Proof: Let’s denote the corresponding {\sigma}-algebra generated by the family of sets in (1), (2), (3) by {\mathscr{B}_{1}}, {\mathscr{B}_{2}}, {\mathscr{B}_{3}} respectively. It then suffices to show {\mathscr{B}(\mathbb{R})\supseteq\mathscr{B}_{1}\supseteq\mathscr{B}_{2}\supseteq\mathscr{B}_{3}} and {\mathscr{B}_{3}\supseteq\mathscr{B}(\mathbb{R})}. First consider {\mathscr{C}}, the collection of all closed subsets of {\mathbb{R}}. Notice each any closed subset is just the complement of open subsets so every closed subsets of {\mathbb{R}} is an element of the {\sigma}-algebra {\mathscr{B}(\mathbb{R})}, i.e., {\mathscr{C}\subseteq\mathscr{B}(\mathbb{R})} and by proposition 2 we know {\mathscr{B}_{1}=\sigma(\mathscr{C})\subseteq\mathscr{B}(\mathbb{R})}. Secondly, since each subintervals of the form {(-\infty,b]} is closed we have {\mathscr{B}_{2}(\mathbb{R})\subseteq\mathscr{B}_{1}(\mathbb{R})}. Finally, intervals of the form {(a,b]} can be written as

\displaystyle (a,b]=(-\infty,b]\cap(-\infty,a]^{c}

which gives us {\mathscr{B}_{3}(\mathbb{R})\subseteq\mathscr{B}_{2}(\mathbb{R})}.

For the other direction we need to show {\mathscr{B}(\mathbb{R})\subseteq\mathscr{B}_{3}(\mathbb{R})}. Notice that every open subset of {\mathbb{R}} is a countable union of open intervals and each open interval is a countable union of subintervals of the form {(a,b]} hence {\mathscr{B}(\mathbb{R})\subseteq\mathscr{B}_{3}(\mathbb{R})}.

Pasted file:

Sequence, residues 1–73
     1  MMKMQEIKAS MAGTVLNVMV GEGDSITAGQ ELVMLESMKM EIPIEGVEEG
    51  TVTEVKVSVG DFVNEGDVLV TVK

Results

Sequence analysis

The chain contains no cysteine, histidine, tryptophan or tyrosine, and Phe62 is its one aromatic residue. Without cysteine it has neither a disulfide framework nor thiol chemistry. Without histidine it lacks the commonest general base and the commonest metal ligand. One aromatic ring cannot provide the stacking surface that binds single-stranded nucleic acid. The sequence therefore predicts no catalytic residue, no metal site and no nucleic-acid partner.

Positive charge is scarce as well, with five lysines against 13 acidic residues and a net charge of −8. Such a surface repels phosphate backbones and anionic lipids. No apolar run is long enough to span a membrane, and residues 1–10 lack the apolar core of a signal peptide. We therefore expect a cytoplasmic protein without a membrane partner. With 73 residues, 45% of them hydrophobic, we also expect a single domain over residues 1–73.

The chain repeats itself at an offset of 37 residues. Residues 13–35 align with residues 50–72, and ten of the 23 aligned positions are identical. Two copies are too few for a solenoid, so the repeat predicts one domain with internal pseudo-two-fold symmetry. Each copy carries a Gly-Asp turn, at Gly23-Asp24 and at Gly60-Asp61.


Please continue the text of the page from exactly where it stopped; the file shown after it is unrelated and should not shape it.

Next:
\Box

Now we take a closer look at Borel sets on {\mathbb{R}}. Let’s denote the collection of open subsets by \mathscr{G} and the collection of closed subsets by \mathscr{F}. Then define

\displaystyle G_{\delta}:=\bigcap_{G\in\mathscr{G}} G

and

\displaystyle F_{\sigma}:=\bigcup_{F\in\mathscr{F}}F

We have the following consequences.

 

Proposition 4 Every open subset of {\mathbb{R}^{n}} is a {F_{\sigma}} and every closed subset of {\mathbb{R}^{n}} is a {G_{\delta}}.

Proof: Let {F} be a closed subset of {\mathbb{R}^{n}} and define

\displaystyle U_{n}:=\left\{x\in\mathbb{R}^{n}|\left\|x-y\right\|<1/n\;\text{for some }y\in F\right\}

Clearly {F\subseteq \bigcap_{n}U_{n}}. For the other direction, note that by definition each point in {U_{n}} is the limit of sequence of points in {F} and {F} is closed, so such limit should also be in {F}; therefore, {\bigcap_{n}U_{n}\subseteq F}.

Let {U} be an open subset of {\mathbb{R}^{n}} then {U_{c}} is closed. Thus by above {U^{c}} is a {G_{\delta}}, say {U^{c}=\bigcap_{n} U_{n}} where {\left\{U_{n}\right\}} is a sequence of open subsets of {\mathbb{R}^{n}}. Notice {U_{n}^{c}} is open for each {n}, and the identity {U=(\bigcap_{n} U_{n})^{c}=\bigcup_{n} U_{n}^{c}} shows that U is a {F_{\sigma}}.

\Box

We end this section by a interesting proposition.

 

Proposition 5

Definition: Let {(E_{1}, \mathscr{M}_{1})} and {(E_{2}, \mathscr{M}_{2})} be measurable spaces. The product {\sigma}-algebra on {E_{1}\times E_{2}} is defined by

\displaystyle \mathscr{M}_{1}\otimes\mathscr{M}_{2}:=\sigma(\mathscr{M}_{1}\times\mathscr{M}_{2})

 

 

Advertisements